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Clinical use of aided cortical auditory evoked potentials as a measure of physiological detection or physiological discrimination.

Billings CJ, Papesh MA, Penman TM, Baltzell LS, Gallun FJ - Int J Otolaryngol (2012)

Bottom Line: One major contributor to this ambiguity is the wide range of variability across published studies and across individuals within a given study; some results demonstrate expected amplification effects, while others demonstrate limited or no amplification effects.Recent evidence indicates that some of the variability in amplification effects may be explained by distinguishing between experiments that focused on physiological detection of a stimulus versus those that differentiate responses to two audible signals, or physiological discrimination.Stimulus levels were varied to study the effect of hearing-aid-signal/hearing-aid-noise audibility relative to the noise-masked thresholds.

View Article: PubMed Central - PubMed

Affiliation: National Center for Rehabilitative Auditory Research, Portland Veterans Affairs Medical Center, Portland, OR 97239, USA ; Department of Otolaryngology/Head & Neck Surgery, Oregon Health & Science University, Portland, OR 97239, USA.

ABSTRACT
The clinical usefulness of aided cortical auditory evoked potentials (CAEPs) remains unclear despite several decades of research. One major contributor to this ambiguity is the wide range of variability across published studies and across individuals within a given study; some results demonstrate expected amplification effects, while others demonstrate limited or no amplification effects. Recent evidence indicates that some of the variability in amplification effects may be explained by distinguishing between experiments that focused on physiological detection of a stimulus versus those that differentiate responses to two audible signals, or physiological discrimination. Herein, we ask if either of these approaches is clinically feasible given the inherent challenges with aided CAEPs. N1 and P2 waves were elicited from 12 noise-masked normal-hearing individuals using hearing-aid-processed 1000-Hz pure tones. Stimulus levels were varied to study the effect of hearing-aid-signal/hearing-aid-noise audibility relative to the noise-masked thresholds. Results demonstrate that clinical use of aided CAEPs may be justified when determining whether audible stimuli are physiologically detectable relative to inaudible signals. However, differentiating aided CAEPs elicited from two suprathreshold stimuli (i.e., physiological discrimination) is problematic and should not be used for clinical decision making until a better understanding of the interaction between hearing-aid-processed stimuli and CAEPs can be established.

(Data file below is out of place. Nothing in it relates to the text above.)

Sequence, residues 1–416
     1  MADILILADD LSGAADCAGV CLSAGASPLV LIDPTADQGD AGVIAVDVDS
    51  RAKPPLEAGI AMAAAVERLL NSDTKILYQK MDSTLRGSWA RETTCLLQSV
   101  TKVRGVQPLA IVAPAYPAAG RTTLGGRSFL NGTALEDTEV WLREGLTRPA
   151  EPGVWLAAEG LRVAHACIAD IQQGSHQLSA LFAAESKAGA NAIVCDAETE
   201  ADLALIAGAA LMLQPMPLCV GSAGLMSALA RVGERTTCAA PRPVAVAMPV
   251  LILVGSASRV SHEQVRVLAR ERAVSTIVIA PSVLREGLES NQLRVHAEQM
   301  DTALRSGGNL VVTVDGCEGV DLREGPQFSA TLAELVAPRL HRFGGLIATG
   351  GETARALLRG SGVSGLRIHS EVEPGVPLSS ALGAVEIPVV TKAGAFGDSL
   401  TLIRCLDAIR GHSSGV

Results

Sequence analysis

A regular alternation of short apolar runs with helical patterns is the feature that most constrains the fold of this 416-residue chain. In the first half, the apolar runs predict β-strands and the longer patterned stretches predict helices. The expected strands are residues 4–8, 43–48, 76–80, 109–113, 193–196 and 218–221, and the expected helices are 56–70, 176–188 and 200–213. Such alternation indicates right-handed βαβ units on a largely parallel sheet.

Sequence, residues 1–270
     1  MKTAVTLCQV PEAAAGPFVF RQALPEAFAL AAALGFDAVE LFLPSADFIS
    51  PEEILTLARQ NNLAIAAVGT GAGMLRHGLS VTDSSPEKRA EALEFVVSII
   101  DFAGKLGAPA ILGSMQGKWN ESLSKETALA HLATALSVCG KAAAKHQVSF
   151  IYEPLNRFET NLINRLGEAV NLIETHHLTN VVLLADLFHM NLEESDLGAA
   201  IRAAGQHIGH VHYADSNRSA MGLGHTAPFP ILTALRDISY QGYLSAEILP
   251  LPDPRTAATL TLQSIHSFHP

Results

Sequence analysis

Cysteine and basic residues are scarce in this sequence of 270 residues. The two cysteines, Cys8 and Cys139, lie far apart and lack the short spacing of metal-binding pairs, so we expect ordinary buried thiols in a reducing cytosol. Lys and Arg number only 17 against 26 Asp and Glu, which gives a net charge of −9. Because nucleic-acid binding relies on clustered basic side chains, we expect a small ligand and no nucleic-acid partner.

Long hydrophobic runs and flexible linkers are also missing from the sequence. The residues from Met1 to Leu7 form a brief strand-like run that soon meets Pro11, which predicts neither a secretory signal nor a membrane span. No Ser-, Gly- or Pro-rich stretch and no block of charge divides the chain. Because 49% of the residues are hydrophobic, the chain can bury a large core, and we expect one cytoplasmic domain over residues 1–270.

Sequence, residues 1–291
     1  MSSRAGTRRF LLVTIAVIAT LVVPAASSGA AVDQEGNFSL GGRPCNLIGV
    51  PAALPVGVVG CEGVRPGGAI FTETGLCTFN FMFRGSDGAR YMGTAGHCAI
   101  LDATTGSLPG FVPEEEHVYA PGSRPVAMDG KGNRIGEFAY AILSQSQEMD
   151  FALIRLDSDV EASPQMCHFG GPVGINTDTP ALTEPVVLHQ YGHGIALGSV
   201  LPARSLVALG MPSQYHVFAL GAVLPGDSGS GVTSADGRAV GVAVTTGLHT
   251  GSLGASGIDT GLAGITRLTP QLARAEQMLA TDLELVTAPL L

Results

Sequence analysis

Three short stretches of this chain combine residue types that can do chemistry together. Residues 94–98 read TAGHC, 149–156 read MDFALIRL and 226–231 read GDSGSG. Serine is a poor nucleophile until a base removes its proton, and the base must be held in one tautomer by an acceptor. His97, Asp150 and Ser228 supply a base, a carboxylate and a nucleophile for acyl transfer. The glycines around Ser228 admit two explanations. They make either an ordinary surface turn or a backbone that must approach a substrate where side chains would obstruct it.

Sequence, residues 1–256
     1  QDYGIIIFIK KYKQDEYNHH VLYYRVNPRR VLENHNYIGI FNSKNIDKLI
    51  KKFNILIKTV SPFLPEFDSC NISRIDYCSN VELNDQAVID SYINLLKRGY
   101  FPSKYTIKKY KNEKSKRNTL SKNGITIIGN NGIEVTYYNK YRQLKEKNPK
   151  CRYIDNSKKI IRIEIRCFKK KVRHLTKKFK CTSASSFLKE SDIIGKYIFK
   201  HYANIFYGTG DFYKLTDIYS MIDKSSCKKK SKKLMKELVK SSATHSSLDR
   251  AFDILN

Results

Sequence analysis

No MeSH data available.


Related in: MedlinePlus

Grand average (n = 12) butterfly plots and global field power (GFP) waveforms of physiological detection and physiological discrimination results. Waveforms are collapsed across hearing aid recordings. Near θ (top left), Low (middle left), Mid (top right), and High (middle right) conditions are displayed with the Cz-electrode highlighted. Bottom panels show overlaid comparisons for Near θ versus Low conditions and Mid versus High conditions. Robust differences are shown for physiological detection (bottom left) and minimal differences are shown for physiological discrimination (bottom right).
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fig4: Grand average (n = 12) butterfly plots and global field power (GFP) waveforms of physiological detection and physiological discrimination results. Waveforms are collapsed across hearing aid recordings. Near θ (top left), Low (middle left), Mid (top right), and High (middle right) conditions are displayed with the Cz-electrode highlighted. Bottom panels show overlaid comparisons for Near θ versus Low conditions and Mid versus High conditions. Robust differences are shown for physiological detection (bottom left) and minimal differences are shown for physiological discrimination (bottom right).

Mentions: This study addressed the effects of amplification on audible and inaudible stimuli by comparing the Near θ condition (i.e., aided CAEP responses to the lowest stimulus level at which the tone level was at or below the noise masker level) to the Low condition (i.e., aided CAEP responses to the stimulus level at which the tone was just audible above the noise masker). For Hearing Aid B (Recording 3), two different Low conditions were used; however, to simplify the data analysis, all data for the two Low conditions were averaged together to result in a measurement for one Low condition. Butterfly plots (overlaid responses at all electrodes across the scalp) and the global field power plots (a quantification of simultaneous activity across the scalp; [27]) calculated from the grand average for these two stimulus levels across subjects and hearing aid conditions are presented in Figure 4 (left). The butterfly plot of the Near θ condition is shown in the top-left panel with the response of the Cz electrode highlighted in blue. The butterfly plot of the Low condition response is shown in the center-left panel with the Cz electrode highlighted in dashed red. The bottom-left panel shows the GFP waveforms for the Near θ and Low conditions overlaid in blue and dashed red, respectively. Notice that the response to the Near θ condition contains considerable noise across electrodes. In contrast, responses to the Low condition result in visible peaks in activity across electrodes resulting in clearly identifiable peak waves in the GFP plot as well as the Cz electrode response. N1 and P2 peaks were difficult to identify in many of the Near θ conditions, resulting in large amounts of missing data (approx. 50% of N1 and P2 peaks were not able to be identified), making statistical analysis using traditional peak latency and amplitude values difficult; therefore, an area measure (rectified area was calculated from 40 to 300 ms) was used to provide an overall measure of synchrony in the P1-N1-P2 region of the waveform. Figure 5 displays area values for the Near θ and Low conditions for all three hearing aid conditions. Paired comparisons between Near θ and Low conditions generally demonstrated significantly higher areas for Low conditions relative to Near θ conditions: